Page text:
If you examine the structure of many investment firms in Asia Pacific, you’ll find that many of them are split into two. On one side, you’ll have the investment component that backs startups in their selected stage, sector, and geography. On the other side, you’ll have unique programming in partnership with a third-party institution.
While both these initiatives are meaningful, they tend to be segregated, offering no meaningful connection or value-add to one another. This disconnect is rooted in the program’s origins: Nearly all are commissioned by the larger institution. Because investment firms cannot say no to good money - they’re startups, too, in a very real sense - they often take on programs with little thought into how it’ll fit in with their fund’s overall thesis.
Such is not the case at Accelerating Asia. Since our founding in 2019, Accelerating Asia has partnered with many regional and global institutions. Though it was challenging at the beginning, we have since developed a formula for successfully incorporating this programming into our investing. This integration gives any investor who works with us a decided advantage over those who partner with investment firms where there is still a split focus between their portfolio and their programs.
Here’s how we combine the two.
Accelerating Asia has held a wide variety of programs, such as UNDP Springboard Plus, a virtual program for startups, and the University of Adelaide’s ThincLab, Land & Expand program.
Each of these programs would indeed represent mission drift from our core aim of investing into fast growing startups in Asia if we did not use them as a way of building strong relationships with promising startups. But we make it a point to do so. We use these venues to spot and engage with fast growing startups that we can then filter as dealflow into our main fund. For example, we later invested in iFarmer, AmarLab, and Deaftawk, which were sourced from the UNDP program.
The thinking here is simple: Startups who excel in our partner programs that have a solid business model, present an investment opportunity, and are a right fit for us are just as likely to excel as a member of our core portfolio. By using these programs as a kind of proving ground for our startups, our investors minimize their investment risk through founders who have already demonstrated their entrepreneurial ability, domain expertise, and startup commitment.
Some accelerators end up as glorified events companies. In these instances, they’re tapped by a larger institution to organize and execute a particular startup program, and then the collaboration ends as soon as the program is over. These accelerators are just a vendor, one that happens to specialize in startup, tech, or innovation programming.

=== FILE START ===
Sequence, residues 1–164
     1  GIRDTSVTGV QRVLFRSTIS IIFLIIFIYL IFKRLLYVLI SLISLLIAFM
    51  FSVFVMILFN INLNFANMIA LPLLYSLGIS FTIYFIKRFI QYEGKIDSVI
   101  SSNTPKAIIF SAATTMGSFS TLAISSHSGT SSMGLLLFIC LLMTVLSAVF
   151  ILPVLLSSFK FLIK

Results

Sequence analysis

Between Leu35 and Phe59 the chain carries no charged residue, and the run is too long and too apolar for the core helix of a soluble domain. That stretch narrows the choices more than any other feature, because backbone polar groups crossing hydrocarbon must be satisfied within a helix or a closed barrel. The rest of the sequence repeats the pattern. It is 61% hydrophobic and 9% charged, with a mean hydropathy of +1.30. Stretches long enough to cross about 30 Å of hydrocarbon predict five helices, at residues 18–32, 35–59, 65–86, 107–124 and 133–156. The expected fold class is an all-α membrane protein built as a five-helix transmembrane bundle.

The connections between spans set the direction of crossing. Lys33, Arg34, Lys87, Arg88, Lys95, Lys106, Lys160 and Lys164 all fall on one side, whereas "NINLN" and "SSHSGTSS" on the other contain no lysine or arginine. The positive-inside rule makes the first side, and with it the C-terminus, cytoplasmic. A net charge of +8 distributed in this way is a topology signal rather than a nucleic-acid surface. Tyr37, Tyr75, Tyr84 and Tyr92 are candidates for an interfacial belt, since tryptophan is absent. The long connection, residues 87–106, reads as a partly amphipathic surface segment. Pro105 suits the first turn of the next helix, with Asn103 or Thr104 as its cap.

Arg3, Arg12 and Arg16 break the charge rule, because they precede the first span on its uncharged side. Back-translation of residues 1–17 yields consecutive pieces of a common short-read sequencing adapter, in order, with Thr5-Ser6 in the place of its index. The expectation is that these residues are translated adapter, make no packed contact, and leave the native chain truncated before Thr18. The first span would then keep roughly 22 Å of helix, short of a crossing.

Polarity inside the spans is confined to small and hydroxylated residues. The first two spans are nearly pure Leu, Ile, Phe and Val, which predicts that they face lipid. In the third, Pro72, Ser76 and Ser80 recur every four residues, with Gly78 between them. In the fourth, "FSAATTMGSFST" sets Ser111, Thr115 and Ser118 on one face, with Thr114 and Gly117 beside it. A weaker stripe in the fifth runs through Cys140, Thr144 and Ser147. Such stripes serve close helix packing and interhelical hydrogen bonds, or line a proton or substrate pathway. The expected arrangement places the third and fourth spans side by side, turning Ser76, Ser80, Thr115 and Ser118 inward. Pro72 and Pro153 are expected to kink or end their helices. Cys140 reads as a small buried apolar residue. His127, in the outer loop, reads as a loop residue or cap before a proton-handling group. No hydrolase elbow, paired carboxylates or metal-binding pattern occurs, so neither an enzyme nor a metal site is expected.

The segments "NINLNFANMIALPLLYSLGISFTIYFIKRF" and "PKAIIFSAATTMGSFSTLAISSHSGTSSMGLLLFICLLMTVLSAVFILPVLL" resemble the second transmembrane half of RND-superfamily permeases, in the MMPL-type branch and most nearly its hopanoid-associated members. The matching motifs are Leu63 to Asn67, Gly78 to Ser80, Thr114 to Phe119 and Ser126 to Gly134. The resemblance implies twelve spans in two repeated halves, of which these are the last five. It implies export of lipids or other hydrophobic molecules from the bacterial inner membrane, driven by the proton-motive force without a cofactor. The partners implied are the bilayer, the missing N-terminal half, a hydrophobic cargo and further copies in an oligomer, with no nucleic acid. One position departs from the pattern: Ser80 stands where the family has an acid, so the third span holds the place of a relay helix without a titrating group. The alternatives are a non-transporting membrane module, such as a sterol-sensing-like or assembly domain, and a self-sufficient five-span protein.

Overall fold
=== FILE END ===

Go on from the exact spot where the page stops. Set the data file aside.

Accelerating Asia does not take on any such projects. We only accept collaborations for partner programs if they’re a springboard to a deeper collaboration. The sponsoring enterprise must bring value to our portfolio in the form of expertise relating to a sector, region, or stage, or help us help founders in some other substantial way (our core belief at Accelerating Asia is that entrepreneurs are one of the greatest catalysts for positive change).
Take the case of the previously mentioned program with UOA to help Australian startups expanding into Singapore. From this collaboration, we sourced Numu, which became one of our strongest portfolio companies and allowed us to contribute positively to the tech ecosystem: Numu has disrupted how influencer marketing is done, and now stands as a flagship startup.
All our partner programs, in effect, are short-hand ways to expand Accelerating Asia’s network for the benefit of our portfolio startups and their investors.
A large part of Accelerating Asia’s success is rooted in the selection process. As we get well over 1,000 startup applications per year, from which we only select the very best 1.5%, the companies who do make it into our portfolio represent only the startups with the highest growth potential.
We use these partnership programs to form connections across this high value network of startup founders and their investors and even the broader ecosystem. We run many program-related events that are open to the public; facilitate introductions between program partners, participants, and just about everyone else; and highlight individual leaders as people worth following, if not connecting directly with.
The effect of connecting our stakeholders to the wider ecosystem is immediate: Startup founders, investors, and others report enjoying the community more because we don’t only bring them into the fold of Accelerating Asia, but among much wider network of movers and shakers who want to change the world through innovation.
Programming at Accelerating Asia, in brief, is not just a source of revenue. All of the programs we take on and the institutions we partner with are strategic, driven by one aim and one aim alone: To equip all our startups for success.
Accelerating Asia invests in startups with scalable technology solutions and revenue generating business models that combine purpose with profit.
In making an investment decision, investors must rely on their own examination of startups and the terms of the investment including the merits and risks involved. Prospective investors should not construe this content as legal, tax, investment, financial or accounting advice.